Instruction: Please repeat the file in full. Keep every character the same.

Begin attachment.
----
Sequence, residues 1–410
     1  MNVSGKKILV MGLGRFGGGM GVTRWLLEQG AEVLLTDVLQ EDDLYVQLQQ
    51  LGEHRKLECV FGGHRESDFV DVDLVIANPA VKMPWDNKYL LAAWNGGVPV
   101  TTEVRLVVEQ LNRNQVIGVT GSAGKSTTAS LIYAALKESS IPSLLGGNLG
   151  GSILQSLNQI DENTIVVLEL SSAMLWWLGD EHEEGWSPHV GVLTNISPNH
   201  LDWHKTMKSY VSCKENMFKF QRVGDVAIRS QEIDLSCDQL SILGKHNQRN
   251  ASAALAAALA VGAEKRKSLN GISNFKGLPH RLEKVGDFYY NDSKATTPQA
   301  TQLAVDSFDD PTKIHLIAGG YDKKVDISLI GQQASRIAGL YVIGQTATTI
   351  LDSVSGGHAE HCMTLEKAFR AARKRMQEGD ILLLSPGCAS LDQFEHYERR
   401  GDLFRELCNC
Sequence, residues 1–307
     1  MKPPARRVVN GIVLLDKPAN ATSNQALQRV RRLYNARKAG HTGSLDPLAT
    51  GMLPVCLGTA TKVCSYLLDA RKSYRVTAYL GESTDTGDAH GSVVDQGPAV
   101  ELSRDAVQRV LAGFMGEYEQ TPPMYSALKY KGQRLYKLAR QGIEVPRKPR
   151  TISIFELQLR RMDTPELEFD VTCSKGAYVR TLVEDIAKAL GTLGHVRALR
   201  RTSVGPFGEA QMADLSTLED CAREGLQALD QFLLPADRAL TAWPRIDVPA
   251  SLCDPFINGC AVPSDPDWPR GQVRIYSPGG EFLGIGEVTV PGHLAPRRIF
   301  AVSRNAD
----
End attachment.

Sequence, residues 1–410
     1  MNVSGKKILV MGLGRFGGGM GVTRWLLEQG AEVLLTDVLQ EDDLYVQLQQ
    51  LGEHRKLECV FGGHRESDFV DVDLVIANPA VKMPWDNKYL LAAWNGGVPV
   101  TTEVRLVVEQ LNRNQVIGVT GSAGKSTTAS LIYAALKESS IPSLLGGNLG
   151  GSILQSLNQI DENTIVVLEL SSAMLWWLGD EHEEGWSPHV GVLTNISPNH
   201  LDWHKTMKSY VSCKENMFKF QRVGDVAIRS QEIDLSCDQL SILGKHNQRN
   251  ASAALAAALA VGAEKRKSLN GISNFKGLPH RLEKVGDFYY NDSKATTPQA
   301  TQLAVDSFDD PTKIHLIAGG YDKKVDISLI GQQASRIAGL YVIGQTATTI
   351  LDSVSGGHAE HCMTLEKAFR AARKRMQEGD ILLLSPGCAS LDQFEHYERR
   401  GDLFRELCNC
Sequence, residues 1–307
     1  MKPPARRVVN GIVLLDKPAN ATSNQALQRV RRLYNARKAG HTGSLDPLAT
    51  GMLPVCLGTA TKVCSYLLDA RKSYRVTAYL GESTDTGDAH GSVVDQGPAV
   101  ELSRDAVQRV LAGFMGEYEQ TPPMYSALKY KGQRLYKLAR QGIEVPRKPR
   151  TISIFELQLR RMDTPELEFD VTCSKGAYVR TLVEDIAKAL GTLGHVRALR
   201  RTSVGPFGEA QMADLSTLED CAREGLQALD QFLLPADRAL TAWPRIDVPA
   251  SLCDPFINGC AVPSDPDWPR GQVRIYSPGG EFLGIGEVTV PGHLAPRRIF
   301  AVSRNAD